Tonight I ended up purchasing the book Shoeless Joe for my husband and I since I’ve been looking forward to reading it for quite some time now, and especially since my post about its author. Following Kinsella in alphabetical order on the shelf there was a Rudyard Kipling book and I was reminded that he spent quite a bit of time in Vancouver before the days of Mowgli.
Rudyard Kipling in Vancouver
In June of 1889 the budding young writer at age 23 visited Vancouver for the first time, the following is taken from a passage in From Sea to Sea:
“A great sleepiness lies on Vancouver as compared with an American town: men don’t fly up and down the street telling lies, and the spittoons in the delightfully comfortable hotel are unused; the baths are free and their doors are unlocked. You do not have to dig up the hotel clerk when you want to bathe, which shows the inferiority of Vancouver. An American bade me notice the absence of bustle, and was alarmed when in a loud and audible voice I thanked God for it …
“Except for certain currents which are not much mentioned, but which make the entrance rather unpleasant for sailing-boats, Vancouver possesses an almost perfect harbor. The town is built all round and about the harbor, and young as it is, its streets are better than those of western America. Moreover, the old flag waves over some of the buildings, and this is cheering to the soul. The place is full of Englishmen who speak the English tongue correctly and with clearness, avoiding more blasphemy than is necessary, and taking a respectable length of time to getting outside their drinks.
“These advantages and others that I have heard about, such as the construction of elaborate workshops and the like by the Canadian Pacific in the near future, moved me to invest in real estate.” 1
Kipling’s second visit to our fair city was in April of 1892 and he returned again in October of 1907, when he was the most famous writer in the world. He purchased real estate on Fraser Street (at the time known as Scott Street) and a chunk of acreage on the North Shore, which turned out to be a bum investment. “And I took it as easily as a man buys a piece of tobacco. Me voici, owner of some four hundred well-developed pines, a few thousand tons of granite scattered in blocks at the roots of the pines, and a sprinkling of earth. That’s a town lot in Vancouver.”2
Kipling also had an eye for Victoria, “Amongst all the beautiful places in the world, and I think I have seen the most beautiful of them, Victoria ranks the highest.”3 He mentions traveling to Vancouver Island alongside a whaler, who talks up the hunt and all of its profits, his reaction to the morbid chat is rather amusing and can be found in his Letters of Travel. “To realize Victoria you must take all that the eye admires in Bournemouth, the Isle of Wight and Happy Valley of Hong Kong, the Doon, Sorrento and Camps Bay, and add reminiscences on the Thousand Islands, and arrange the whole around the Bay of Naples, with some Himalayas for the background. Real estate agents recommend it as a little piece of England – the Island on which it stands is about the size of Great Britain – but no England is set in such seas or so fully charged with the mystery of the larger ocean beyond.” 4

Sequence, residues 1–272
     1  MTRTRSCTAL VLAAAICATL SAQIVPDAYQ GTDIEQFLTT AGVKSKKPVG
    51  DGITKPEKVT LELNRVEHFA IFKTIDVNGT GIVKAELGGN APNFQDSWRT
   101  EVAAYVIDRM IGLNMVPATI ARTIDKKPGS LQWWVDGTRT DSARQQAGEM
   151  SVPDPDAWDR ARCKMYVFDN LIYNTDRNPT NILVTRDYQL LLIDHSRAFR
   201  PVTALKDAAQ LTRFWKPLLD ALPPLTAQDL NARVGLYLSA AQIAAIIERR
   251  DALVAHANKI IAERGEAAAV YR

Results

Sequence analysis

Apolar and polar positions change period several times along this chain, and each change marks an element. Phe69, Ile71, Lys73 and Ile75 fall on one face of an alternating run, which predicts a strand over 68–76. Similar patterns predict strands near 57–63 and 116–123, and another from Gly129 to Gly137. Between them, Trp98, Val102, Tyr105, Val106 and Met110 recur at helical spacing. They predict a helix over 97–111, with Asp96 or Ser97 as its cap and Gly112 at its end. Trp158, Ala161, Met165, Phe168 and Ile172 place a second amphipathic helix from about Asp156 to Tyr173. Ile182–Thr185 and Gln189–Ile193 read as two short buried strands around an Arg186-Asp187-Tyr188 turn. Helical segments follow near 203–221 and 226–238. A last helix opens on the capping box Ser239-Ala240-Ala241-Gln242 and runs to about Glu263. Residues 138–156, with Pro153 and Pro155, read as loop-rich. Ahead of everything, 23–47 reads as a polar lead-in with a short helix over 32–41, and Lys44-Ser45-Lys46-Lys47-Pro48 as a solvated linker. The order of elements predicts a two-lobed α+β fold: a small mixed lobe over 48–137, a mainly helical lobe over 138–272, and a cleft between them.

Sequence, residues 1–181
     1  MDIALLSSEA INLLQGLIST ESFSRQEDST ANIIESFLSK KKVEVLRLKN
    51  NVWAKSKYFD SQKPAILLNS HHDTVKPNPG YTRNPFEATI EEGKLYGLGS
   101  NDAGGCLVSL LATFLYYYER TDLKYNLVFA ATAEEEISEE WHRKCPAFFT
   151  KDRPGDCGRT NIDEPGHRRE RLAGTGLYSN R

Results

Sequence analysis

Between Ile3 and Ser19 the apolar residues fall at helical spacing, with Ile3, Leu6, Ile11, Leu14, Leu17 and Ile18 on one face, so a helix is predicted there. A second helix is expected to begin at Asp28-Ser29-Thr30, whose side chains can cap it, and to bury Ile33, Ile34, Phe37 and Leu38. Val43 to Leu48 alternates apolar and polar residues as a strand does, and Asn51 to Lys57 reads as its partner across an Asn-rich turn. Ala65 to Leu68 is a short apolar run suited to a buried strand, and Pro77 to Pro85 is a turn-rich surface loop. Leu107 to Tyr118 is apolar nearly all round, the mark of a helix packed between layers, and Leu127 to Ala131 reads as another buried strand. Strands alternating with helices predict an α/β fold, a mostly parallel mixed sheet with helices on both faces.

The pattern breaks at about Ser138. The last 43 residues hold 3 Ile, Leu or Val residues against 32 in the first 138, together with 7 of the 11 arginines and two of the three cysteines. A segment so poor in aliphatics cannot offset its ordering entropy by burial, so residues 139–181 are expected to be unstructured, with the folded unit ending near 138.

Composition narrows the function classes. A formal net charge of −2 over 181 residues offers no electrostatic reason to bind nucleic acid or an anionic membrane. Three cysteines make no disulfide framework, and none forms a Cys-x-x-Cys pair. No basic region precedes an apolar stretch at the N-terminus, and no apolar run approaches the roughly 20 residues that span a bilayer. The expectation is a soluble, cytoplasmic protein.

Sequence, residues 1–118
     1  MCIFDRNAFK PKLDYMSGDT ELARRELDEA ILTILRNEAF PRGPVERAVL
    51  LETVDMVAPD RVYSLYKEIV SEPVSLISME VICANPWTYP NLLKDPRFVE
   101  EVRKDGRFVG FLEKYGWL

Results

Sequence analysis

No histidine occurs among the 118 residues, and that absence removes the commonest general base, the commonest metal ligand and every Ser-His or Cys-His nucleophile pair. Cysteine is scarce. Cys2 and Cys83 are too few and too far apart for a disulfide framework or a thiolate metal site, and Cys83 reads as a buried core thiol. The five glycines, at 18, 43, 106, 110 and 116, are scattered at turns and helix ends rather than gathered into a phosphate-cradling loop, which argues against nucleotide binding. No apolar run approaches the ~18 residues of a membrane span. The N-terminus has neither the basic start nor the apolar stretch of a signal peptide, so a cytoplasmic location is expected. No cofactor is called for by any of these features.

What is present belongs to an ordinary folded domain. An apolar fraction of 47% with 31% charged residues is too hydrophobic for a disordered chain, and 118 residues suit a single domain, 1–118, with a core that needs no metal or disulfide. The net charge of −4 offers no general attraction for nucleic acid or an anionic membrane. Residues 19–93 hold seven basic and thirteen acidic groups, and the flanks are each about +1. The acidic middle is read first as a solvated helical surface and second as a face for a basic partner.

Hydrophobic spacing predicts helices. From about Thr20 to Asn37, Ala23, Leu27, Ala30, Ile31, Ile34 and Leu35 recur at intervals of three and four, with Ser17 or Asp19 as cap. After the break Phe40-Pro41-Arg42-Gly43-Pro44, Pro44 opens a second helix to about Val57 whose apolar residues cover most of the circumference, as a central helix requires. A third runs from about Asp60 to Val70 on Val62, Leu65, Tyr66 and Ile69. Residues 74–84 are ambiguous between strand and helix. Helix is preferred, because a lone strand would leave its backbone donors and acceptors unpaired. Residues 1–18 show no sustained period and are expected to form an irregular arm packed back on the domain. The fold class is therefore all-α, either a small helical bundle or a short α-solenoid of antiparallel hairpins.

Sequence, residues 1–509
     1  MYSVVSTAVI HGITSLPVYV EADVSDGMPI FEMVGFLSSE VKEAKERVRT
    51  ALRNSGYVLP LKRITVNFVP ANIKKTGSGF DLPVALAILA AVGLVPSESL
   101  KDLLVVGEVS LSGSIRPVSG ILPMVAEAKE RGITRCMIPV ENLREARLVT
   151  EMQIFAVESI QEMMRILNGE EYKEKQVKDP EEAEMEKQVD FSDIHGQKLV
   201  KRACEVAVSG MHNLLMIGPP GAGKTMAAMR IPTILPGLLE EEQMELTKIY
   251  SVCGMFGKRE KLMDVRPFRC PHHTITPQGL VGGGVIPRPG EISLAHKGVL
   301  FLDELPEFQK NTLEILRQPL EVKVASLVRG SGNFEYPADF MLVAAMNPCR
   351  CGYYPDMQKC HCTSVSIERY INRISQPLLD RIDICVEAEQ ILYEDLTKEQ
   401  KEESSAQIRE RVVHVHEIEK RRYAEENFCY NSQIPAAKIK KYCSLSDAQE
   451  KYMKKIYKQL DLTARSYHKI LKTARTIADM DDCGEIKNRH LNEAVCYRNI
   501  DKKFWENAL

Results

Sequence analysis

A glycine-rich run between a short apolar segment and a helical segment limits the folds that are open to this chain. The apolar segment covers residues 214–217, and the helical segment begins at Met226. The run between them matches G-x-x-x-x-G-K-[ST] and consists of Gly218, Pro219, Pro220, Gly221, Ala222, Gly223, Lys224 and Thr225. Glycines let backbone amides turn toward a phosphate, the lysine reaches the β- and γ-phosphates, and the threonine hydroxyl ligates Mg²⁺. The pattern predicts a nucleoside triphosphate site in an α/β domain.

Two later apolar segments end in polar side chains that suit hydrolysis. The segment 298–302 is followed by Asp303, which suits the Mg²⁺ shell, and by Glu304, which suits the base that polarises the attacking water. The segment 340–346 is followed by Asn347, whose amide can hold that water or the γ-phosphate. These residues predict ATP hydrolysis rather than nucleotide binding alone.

He was here while our city was taking shape, he came up by steamer from Puget Sound and also traveled by train. “Time had changed Vancouver literally out of all knowledge. From the station to the suburbs, and back to the wharves, every step was strange, and where I remembered open spaces and still untouched timber, the tramcars were fleeting people out to a lacrosse game. Vancouver is an aged city, for only a few days previous to my arrival the Vancouver Baby — i.e. the first child born in Vancouver — had been married.”5
Although he didn’t have much success with his land ventures and had a certain view of imperialism, it is still interesting to read about the city from a great literary perspective during that era.
“[Kipling] is still an author who can inspire passionate disagreement and his place in literary and cultural history is far from settled. But as the age of the European empires recedes, he is recognized as an incomparable, if controversial, interpreter of how empire was experienced. That, and an increasing recognition of his extraordinary narrative gifts, make him a force to be reckoned with.”6